Advanced Underwriting Consultants

Question of the Day – April 11

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The professionals at Advanced Underwriting Consultants (AUC) answer the tax and technical questions posed by producers.  Here’s the question of the day.

Question:  My 73 year old client participated in a designated Roth account as part of her former employer’s 401K plan.  She left a substantial balance in the account when she retired earlier this year.  Is she required to take required minimum distributions (RMDs)?

Answer:  Yes.

The RMD rules that apply to regular 401K account balances also apply to designated Roth accounts.  If the client was not an owner of the company sponsoring the plan and retired from the plan-sponsoring employer this year, she must take an RMD from the account based on the December 31, 2012 designated Roth account balance.

The first RMD must be taken on or before April 1, 2014.

The client can avoid having to take post-2013 RMDs during her lifetime by rolling over the designated Roth account to a Roth IRA.  Roth IRAs have no RMD requirements while the taxpayer is still alive.

Have a question for the professionals at AUC?  Feel welcome to submit it by email.  We may post your question and the answer as the question of the day. 

Question of the Day – April 2

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The professionals at Advanced Underwriting Consultants (AUC) answer the tax and technical questions posed by producers.  Here’s the question of the day.

Question:  I have a self-employed doctor client who is sponsoring a 401(k) plan for his business.  He has two other employees who are contributing to the safe harbor plan.  The doctor made $200,000 of self-employment income in 2012, and contributed $17,000 in deferrals to the 401(k) plan in that year.  How much should his matching contribution be?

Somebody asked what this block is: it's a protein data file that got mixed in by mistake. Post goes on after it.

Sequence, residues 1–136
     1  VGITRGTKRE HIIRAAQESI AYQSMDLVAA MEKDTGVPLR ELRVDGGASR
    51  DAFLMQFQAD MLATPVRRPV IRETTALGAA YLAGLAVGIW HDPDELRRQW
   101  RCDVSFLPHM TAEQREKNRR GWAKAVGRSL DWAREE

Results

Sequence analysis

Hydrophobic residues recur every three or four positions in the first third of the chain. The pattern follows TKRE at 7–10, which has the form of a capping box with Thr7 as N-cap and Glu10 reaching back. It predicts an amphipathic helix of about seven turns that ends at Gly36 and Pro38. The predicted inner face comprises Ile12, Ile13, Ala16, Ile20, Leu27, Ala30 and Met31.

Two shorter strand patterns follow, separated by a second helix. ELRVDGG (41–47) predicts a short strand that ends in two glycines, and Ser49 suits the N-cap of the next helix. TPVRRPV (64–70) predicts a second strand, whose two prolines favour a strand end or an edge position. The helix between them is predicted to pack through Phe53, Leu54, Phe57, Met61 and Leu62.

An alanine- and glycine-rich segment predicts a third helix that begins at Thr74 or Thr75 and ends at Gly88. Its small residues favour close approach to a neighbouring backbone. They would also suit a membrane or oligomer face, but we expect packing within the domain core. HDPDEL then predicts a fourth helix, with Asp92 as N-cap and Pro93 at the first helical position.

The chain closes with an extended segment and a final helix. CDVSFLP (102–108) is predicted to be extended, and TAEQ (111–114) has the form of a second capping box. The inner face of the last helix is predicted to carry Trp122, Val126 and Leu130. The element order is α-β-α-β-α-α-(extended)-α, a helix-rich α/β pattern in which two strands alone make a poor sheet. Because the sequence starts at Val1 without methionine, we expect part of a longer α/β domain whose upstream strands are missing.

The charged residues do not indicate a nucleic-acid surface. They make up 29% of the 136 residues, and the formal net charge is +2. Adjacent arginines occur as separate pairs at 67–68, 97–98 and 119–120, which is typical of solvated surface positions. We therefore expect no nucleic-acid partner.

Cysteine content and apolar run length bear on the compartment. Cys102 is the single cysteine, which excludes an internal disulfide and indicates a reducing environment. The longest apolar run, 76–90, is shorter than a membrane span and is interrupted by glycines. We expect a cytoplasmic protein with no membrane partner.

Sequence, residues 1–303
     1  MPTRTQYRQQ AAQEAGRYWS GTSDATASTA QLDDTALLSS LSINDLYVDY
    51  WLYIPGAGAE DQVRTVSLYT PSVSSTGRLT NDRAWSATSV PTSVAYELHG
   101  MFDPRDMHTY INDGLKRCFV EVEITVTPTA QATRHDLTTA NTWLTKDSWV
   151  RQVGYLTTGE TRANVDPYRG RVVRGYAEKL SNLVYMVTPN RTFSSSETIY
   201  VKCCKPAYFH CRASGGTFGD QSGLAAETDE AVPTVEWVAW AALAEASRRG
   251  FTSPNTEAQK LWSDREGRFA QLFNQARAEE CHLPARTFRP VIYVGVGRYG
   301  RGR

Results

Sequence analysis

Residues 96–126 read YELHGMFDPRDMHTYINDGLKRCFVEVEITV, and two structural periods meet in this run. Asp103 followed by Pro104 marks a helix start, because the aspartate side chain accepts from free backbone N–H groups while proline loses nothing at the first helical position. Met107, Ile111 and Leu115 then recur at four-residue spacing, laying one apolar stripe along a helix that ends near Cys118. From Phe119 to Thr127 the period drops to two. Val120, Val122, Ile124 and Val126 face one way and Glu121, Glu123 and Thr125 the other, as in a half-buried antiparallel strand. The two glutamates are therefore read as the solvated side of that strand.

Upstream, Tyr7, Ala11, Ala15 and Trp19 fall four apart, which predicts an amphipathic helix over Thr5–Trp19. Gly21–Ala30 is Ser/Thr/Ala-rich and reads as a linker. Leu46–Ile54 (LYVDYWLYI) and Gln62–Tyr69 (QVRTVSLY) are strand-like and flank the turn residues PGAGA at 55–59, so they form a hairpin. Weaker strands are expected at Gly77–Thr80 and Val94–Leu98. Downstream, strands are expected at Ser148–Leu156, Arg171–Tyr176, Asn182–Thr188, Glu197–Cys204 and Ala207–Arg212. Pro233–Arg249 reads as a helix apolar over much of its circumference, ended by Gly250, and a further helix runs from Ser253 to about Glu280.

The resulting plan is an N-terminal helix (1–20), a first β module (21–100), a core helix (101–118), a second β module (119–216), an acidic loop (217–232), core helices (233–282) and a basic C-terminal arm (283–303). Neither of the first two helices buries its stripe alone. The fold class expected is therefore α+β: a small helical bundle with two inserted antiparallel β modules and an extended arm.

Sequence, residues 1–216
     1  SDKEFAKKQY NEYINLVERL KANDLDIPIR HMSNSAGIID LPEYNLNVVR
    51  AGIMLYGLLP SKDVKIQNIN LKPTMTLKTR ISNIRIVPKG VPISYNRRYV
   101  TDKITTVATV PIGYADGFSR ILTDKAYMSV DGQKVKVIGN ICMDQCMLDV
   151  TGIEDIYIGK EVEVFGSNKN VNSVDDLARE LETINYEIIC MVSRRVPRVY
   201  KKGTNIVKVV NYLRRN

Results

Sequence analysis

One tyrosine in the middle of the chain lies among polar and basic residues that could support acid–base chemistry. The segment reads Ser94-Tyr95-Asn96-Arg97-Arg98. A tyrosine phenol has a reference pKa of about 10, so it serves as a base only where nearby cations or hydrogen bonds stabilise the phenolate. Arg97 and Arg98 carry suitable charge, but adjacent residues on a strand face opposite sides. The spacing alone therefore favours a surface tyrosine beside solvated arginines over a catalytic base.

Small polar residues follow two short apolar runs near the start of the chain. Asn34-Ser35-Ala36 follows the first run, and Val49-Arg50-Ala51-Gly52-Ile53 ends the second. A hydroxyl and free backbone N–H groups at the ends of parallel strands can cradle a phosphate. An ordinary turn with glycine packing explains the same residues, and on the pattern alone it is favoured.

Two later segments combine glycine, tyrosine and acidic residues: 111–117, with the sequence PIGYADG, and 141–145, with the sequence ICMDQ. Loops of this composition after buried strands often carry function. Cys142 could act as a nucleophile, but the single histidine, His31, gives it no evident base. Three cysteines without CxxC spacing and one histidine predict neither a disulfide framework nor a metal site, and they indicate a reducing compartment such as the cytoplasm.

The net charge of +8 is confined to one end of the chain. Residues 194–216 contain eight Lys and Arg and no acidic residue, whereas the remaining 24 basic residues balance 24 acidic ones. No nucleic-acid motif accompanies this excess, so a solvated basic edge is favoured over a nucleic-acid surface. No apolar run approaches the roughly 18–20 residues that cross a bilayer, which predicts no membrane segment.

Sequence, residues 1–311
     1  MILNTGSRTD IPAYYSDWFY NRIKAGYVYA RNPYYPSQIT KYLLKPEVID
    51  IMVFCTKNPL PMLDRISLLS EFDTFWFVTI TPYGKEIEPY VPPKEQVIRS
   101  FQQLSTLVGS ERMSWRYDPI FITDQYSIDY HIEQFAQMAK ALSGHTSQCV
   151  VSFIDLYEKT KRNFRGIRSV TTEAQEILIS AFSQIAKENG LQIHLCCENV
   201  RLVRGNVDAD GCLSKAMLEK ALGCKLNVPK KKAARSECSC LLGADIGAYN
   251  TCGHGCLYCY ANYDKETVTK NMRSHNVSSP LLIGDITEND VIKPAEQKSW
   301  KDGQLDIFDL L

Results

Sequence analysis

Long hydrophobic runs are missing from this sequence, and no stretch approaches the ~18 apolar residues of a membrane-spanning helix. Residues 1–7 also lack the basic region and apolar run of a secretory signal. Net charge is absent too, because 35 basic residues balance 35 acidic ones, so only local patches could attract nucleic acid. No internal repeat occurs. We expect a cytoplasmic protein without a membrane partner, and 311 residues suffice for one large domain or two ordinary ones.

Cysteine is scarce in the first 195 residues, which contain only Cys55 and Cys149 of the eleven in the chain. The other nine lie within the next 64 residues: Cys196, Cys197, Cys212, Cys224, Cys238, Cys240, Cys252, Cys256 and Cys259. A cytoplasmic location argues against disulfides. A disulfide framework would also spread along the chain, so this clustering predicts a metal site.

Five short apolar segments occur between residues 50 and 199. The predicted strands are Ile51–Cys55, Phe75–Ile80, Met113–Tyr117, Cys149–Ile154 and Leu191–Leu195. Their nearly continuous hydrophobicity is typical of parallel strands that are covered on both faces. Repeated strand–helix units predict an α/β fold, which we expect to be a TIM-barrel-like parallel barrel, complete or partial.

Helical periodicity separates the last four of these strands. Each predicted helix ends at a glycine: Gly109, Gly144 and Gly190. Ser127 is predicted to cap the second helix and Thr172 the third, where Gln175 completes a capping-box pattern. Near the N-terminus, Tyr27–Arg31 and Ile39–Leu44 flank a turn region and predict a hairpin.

Answer:  In this case, the safe harbor method would allow the employer to contribute an adjusted five percent of the doctor’s net earnings from self-employment to the doctor’s 401(k) account.

The 401(k) plan matching contribution for a self-employed person is equal to an adjusted plan contribution percentage times the individual’s net earnings from self-employment.  This formula consists of two elements:

(1) an adjusted plan contribution percentage, and

(2) net earnings from self-employment.

First, the self-employed person must determine the adjusted plan contribution percentage.  In this example the unadjusted plan contribution percentage used for W-2 employees is 5%, so the self-employed owner would use an adjusted percentage of 4.76%.  See the table below:

Rate Table for Self-Employed

Plan contribution rate as %

Self-Employed Rate as Decimal

1

.009901

2

.019608

3

.029126

4

.038462

5

.047619

6

.056604

7

.065421

8

.074074

9

.082569

10

.090909

11

.099099

12

.107143

13

.115044

14

.122807

15

.130435

16

.137931

17

.145299

18

.152542

19

.159664

20

.166667

21

.173554

22

.180328

23

.186992

24

.193548

25

.200000

Second, net earnings from self-employment are determined.  The first step in calculating net earnings is to determine net profit from self-employment.  That number may be found on

  • Line 31, Schedule C (Form 1040),
  • Line 3, Schedule C-EZ (Form 1040),
  • Line 36, Schedule F (Form 1040), or
  • Box 14 , Code A, Schedule K-1 (Form 1065).

Take net profit from self-employment and subtract the deduction for self-employment tax, taken from Line 27 on Form 1040.  The resulting number is net earnings from self-employment.  In this example, assuming the doctor’s self-employment tax for 2012 was $17,240, the net earnings from self-employment would be $200,000 minus $17,240, or $182,760.